Government & Military
We have a long history of providing acoustics and vibration solution consulting for military and government agencies. One of our first projects was designing the acoustics for the United Nations Building in New York. Another early project concerned jet engine noise when jets were new to aviation.
Today, we consult on a variety of projects. We participate in Small Business Innovation Research programs to develop new acoustics and vibration solutions. Whether a town government, federal agency, military group, or transportation authority, we have the technical expertise to tackle an array of research projects. Recent work includes new microchip technology for noise reduction earplugs and ways to control vibrations of satellites in space.
Ultimately, our research has offered successful acoustics and vibration solutions to government agencies and commercial researchers.
Click to view/download.
The goal of this research is to develop a compact system for improving the understandability of speech signals sent over military radio handsets from battlefield ground forces to nearby air support personnel.
As part of an SBIR Phase II project to develop novel applications for advanced transducer materials, we developed an in-ear earphone for underwater communications for scuba divers.
Our environmental noise assessment included sonic boom analysis.
This portable acoustics system will allow military personnel to determine the shape and extent of a cave or tunnel without having to enter it.
We worked with the U.S. Air Force to develop a prototype driver for active noise reduction earplugs to protect personnel from very high sound levels.
Our consultants found ways to reduce unwanted vibration in satellites.
Design of Transducers for Underwater Communications and Hearing Protection
Naval divers, especially those who work near large ships or on underwater construction or demolition projects, are often exposed to extremely loud sounds for prolonged periods of time, putting them at risk of long-term hearing loss. The goals of this project are to improve communications between divers and the dive ship or barge, maintain stealth, and to protect the hearing of military and commercial divers working in noisy environments, such as underwater salvage and hull cleaning. The primary deliverable was a communications earphone and a noise canceling headband device for SCUBA divers, as well as noise canceling technology to be incorporated into communications devices in dive helmets.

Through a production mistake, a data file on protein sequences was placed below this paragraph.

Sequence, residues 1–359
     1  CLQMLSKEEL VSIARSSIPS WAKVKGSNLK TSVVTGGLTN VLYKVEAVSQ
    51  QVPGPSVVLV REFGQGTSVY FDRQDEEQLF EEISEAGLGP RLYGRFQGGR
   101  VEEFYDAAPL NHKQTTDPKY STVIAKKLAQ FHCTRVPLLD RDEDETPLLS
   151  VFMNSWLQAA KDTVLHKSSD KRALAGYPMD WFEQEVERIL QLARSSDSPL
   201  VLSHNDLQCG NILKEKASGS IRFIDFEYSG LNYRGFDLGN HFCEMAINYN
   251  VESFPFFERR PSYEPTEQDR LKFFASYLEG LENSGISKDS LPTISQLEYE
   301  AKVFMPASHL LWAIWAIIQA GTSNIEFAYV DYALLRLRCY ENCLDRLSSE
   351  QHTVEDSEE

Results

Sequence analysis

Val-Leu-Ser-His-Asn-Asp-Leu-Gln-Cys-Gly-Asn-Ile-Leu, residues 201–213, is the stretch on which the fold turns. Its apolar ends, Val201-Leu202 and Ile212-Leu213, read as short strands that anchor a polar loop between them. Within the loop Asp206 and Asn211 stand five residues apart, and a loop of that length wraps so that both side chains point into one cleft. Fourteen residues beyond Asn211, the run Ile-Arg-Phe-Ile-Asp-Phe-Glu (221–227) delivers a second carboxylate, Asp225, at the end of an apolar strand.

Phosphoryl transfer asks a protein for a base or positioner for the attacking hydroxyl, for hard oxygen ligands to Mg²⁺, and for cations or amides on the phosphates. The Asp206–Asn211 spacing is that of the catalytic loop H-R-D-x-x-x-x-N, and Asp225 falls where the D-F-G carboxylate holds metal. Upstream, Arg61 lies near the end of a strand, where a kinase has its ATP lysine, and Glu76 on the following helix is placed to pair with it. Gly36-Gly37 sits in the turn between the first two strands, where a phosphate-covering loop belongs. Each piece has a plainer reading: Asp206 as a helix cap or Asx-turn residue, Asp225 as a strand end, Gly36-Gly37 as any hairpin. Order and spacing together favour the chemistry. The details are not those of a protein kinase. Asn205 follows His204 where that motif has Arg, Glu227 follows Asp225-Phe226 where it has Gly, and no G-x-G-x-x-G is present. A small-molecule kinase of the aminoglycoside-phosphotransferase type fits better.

Acoustic Cloaking with Metamaterials
Acoustic cloaking refers to a method to hide underwater objects by diverting sound waves around them. A cloak surrounding an object works by trapping waves that fall onto the cloak and guiding them around the object where they emerge on the other side. So, for example, an observer looking in the direction of a person wearing a perfect visible-light cloak would see only the light from the scene behind the person bent around her by the cloak - and not her. Thus, the cloaked person would be completely invisible. Within the last few years cloaks for electromagnetic waves (e.g. microwaves, radar) have been successfully built and demonstrated. Theoretical studies indicate that similar acoustic-wave cloaking devices should be possible and the Navy has begun to evaluate their potential to make underwater objects invisible to sonar in the current Acentech SBIR program.
This project for the U.S. Army produced a prototype system that uses vibration signals acquired on a building exterior to both locate and identify machinery that may be operating within the building.
SCIF Acoustic Certification
Sensitive Compartmentalized Information Facilities (SCIFs) are critical for security in government, military and private sector operations. Working with a government agency, Acentech developed a portable system to measure the acoustic isolation effectiveness of a SCIF based on the principles of architectural acoustics. The acoustic measurements are combined with similar electromagnetic data to assess the overall security of the space.
NRL Nanoscience Research Laboratory
NRL's Nanoscience Research Laboratory is a state-of-the-art facility intended for leading-edge research to support the Navy's mission. As such, it needs to meet extremely stringent vibration and noise requirements. The building includes a 5000 square foot class 100 cleanroom and twelve specialized laboratory spaces designed to accommodate ultra sensitive instruments. The specifications called for noise levels to be limited to NC-25 and floor vibration velocities not to exceed 125 micro-inches per second. The facility's location, at approximately 2900 ft east of the extended centerline of runway 01/18 of Reagan National Airport presented a unique challenge, in view of the frequent aircraft departures on this runway. The requirement to achieve the prescribed noise limit without interruption resulted in adoption of a windowless "box-in-box" design, with the most sensitive spaces located in the inner core. Meeting of the noise limits required shielding this inner core by multiple partition walls with high acoustic transmission loss, providing acoustical doors, and implementing special provisions to limit noise intrusions via the air handling systems, as well as controlling the air velocities in the duct systems.